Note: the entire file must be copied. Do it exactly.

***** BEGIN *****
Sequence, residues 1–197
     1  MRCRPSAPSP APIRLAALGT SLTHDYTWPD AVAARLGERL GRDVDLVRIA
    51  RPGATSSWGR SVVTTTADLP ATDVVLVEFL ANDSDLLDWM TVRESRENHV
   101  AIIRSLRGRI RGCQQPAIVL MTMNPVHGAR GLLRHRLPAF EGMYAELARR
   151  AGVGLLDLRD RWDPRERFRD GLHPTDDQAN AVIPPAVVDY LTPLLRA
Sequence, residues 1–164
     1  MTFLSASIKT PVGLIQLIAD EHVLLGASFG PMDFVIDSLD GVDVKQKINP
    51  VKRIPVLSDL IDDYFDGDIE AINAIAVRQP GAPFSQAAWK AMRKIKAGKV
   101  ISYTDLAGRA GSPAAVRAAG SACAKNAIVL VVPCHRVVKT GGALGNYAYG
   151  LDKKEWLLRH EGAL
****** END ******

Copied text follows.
Sequence, residues 1–197
     1  MRCRPSAPSP APIRLAALGT SLTHDYTWPD AVAARLGERL GRDVDLVRIA
    51  RPGATSSWGR SVVTTTADLP ATDVVLVEFL ANDSDLLDWM TVRESRENHV
   101  AIIRSLRGRI RGCQQPAIVL MTMNPVHGAR GLLRHRLPAF EGMYAELARR
   151  AGVGLLDLRD RWDPRERFRD GLHPTDDQAN AVIPPAVVDY LTPLLRA
Sequence, residues 1–164
     1  MTFLSASIKT PVGLIQLIAD EHVLLGASFG PMDFVIDSLD GVDVKQKINP
    51  VKRIPVLSDL IDDYFDGDIE AINAIAVRQP GAPFSQAAWK AMRKIKAGKV
   101  ISYTDLAGRA GSPAAVRAAG SACAKNAIVL VVPCHRVVKT GGALGNYAYG
   151  LDKKEWLLRH EGAL